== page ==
A Pattern of Islands, By Arthur Grimble

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The Independent Culture

You can see why these memoirs of a colonial administrator in the Gilbert & Ellice Islands were a hit in 1952. Vivid and amusing, they transport the reader to the equatorial Pacific of a century ago.

Arriving in 1914, Gimble introduced cricket ("a fighting... which makes the fighters love each other," said a chief) to these oceanic fragments where sorcery and poetry remained potent forces.

The book retains its magic in 2011 when colonialism is anathema. Gimble, as modest as he is perceptive, fell utterly in love with the islanders, learning Gilbertese, even allowing himself to be used as bait for catching giant octopus: "A dreadful sliminess with a Herculean power."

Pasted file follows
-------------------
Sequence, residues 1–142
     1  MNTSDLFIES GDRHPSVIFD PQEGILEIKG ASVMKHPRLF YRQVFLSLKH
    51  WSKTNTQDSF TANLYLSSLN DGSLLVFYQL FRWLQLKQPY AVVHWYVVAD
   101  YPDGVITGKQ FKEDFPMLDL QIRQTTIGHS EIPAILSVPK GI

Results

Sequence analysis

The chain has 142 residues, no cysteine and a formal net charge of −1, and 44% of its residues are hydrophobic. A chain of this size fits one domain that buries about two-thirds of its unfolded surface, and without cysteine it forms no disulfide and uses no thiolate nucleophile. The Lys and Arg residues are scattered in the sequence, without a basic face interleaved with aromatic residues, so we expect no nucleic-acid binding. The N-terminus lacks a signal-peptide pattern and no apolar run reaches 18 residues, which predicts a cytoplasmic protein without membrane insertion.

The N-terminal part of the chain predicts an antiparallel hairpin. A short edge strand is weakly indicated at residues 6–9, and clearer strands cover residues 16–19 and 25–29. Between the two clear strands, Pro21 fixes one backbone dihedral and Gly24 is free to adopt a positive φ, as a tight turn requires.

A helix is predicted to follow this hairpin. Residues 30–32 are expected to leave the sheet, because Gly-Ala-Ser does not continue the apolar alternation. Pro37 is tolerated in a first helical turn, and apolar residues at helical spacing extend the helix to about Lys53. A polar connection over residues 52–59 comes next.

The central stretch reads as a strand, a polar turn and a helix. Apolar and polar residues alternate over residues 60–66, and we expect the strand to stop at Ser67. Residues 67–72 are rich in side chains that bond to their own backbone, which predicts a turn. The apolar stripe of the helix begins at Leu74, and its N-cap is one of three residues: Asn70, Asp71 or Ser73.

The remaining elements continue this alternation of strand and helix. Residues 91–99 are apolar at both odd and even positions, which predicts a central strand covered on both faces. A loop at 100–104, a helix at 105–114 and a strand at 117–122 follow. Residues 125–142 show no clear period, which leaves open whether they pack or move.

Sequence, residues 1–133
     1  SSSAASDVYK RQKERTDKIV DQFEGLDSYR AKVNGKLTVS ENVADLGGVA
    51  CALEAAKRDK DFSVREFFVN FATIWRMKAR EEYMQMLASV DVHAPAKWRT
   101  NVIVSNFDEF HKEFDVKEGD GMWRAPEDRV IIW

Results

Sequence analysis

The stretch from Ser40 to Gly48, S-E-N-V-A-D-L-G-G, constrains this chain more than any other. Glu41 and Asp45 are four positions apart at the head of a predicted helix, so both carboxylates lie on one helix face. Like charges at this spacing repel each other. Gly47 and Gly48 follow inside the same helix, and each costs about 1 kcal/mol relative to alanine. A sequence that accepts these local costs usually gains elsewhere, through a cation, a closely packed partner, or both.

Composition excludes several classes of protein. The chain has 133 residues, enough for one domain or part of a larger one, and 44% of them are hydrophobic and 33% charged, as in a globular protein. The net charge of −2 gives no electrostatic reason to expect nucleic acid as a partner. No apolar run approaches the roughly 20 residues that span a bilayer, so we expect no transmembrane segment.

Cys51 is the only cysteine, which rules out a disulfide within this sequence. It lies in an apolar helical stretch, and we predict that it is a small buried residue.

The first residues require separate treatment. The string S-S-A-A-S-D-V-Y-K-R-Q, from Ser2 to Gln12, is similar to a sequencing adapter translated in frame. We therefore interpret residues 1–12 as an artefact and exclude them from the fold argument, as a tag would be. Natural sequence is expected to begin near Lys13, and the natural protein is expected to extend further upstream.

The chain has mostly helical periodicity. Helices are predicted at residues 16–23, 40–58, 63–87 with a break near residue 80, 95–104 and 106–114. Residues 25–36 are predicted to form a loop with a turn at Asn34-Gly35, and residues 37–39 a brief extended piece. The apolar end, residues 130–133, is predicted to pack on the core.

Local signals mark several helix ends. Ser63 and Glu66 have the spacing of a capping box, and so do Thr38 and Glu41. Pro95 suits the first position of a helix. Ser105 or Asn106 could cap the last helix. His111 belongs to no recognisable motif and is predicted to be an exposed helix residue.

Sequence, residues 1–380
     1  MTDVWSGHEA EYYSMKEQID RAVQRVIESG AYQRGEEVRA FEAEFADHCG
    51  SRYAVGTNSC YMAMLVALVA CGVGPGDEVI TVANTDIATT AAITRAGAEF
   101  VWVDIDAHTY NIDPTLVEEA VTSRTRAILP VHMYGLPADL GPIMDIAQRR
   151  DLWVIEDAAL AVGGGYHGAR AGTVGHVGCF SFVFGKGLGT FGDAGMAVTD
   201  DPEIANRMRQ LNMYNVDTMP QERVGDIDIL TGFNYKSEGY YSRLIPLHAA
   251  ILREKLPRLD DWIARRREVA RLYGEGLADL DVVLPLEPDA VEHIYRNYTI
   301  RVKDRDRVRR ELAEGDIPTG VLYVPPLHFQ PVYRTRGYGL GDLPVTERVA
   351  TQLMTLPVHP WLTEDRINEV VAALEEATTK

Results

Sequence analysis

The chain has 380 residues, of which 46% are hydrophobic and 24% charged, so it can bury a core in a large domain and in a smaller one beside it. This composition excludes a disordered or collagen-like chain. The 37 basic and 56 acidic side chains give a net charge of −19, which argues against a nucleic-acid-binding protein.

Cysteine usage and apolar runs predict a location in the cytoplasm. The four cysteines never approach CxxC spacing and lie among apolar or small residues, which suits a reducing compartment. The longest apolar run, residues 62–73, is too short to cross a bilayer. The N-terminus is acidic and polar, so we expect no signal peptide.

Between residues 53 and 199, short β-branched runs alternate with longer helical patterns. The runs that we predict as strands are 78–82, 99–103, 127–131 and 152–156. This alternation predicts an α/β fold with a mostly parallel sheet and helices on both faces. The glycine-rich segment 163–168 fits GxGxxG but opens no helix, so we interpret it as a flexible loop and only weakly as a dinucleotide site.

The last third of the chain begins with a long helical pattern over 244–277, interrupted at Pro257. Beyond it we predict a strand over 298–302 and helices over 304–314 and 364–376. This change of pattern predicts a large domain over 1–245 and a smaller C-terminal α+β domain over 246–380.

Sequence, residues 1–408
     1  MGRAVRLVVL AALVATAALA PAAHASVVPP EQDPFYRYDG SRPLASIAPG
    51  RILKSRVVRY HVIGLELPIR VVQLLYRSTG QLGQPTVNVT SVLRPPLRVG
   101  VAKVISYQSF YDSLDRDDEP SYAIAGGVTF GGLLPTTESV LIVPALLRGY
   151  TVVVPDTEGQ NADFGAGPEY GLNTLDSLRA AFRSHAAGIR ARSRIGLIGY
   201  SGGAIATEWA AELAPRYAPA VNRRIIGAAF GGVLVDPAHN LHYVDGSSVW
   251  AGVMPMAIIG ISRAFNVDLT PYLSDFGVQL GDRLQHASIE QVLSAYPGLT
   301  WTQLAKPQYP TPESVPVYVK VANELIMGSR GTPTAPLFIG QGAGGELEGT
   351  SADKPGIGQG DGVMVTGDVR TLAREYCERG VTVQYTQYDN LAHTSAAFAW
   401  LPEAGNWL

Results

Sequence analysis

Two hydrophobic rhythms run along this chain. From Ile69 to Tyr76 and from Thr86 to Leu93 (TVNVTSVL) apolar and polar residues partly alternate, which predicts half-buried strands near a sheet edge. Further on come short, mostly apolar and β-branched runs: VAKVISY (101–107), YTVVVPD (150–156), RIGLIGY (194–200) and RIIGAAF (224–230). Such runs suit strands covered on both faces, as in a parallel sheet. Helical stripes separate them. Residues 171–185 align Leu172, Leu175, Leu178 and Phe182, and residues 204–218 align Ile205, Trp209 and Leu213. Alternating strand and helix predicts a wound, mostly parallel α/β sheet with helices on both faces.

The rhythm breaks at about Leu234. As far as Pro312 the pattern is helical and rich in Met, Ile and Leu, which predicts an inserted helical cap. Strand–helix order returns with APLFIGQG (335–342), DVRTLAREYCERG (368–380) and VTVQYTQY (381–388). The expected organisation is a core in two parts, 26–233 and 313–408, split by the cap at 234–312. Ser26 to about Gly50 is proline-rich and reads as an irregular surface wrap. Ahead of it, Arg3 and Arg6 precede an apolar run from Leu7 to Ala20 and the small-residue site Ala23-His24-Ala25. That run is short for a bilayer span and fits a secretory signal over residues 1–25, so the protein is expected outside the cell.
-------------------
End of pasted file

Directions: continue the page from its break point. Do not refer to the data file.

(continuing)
Though he was forced home by illness, the book ends with him drawn back.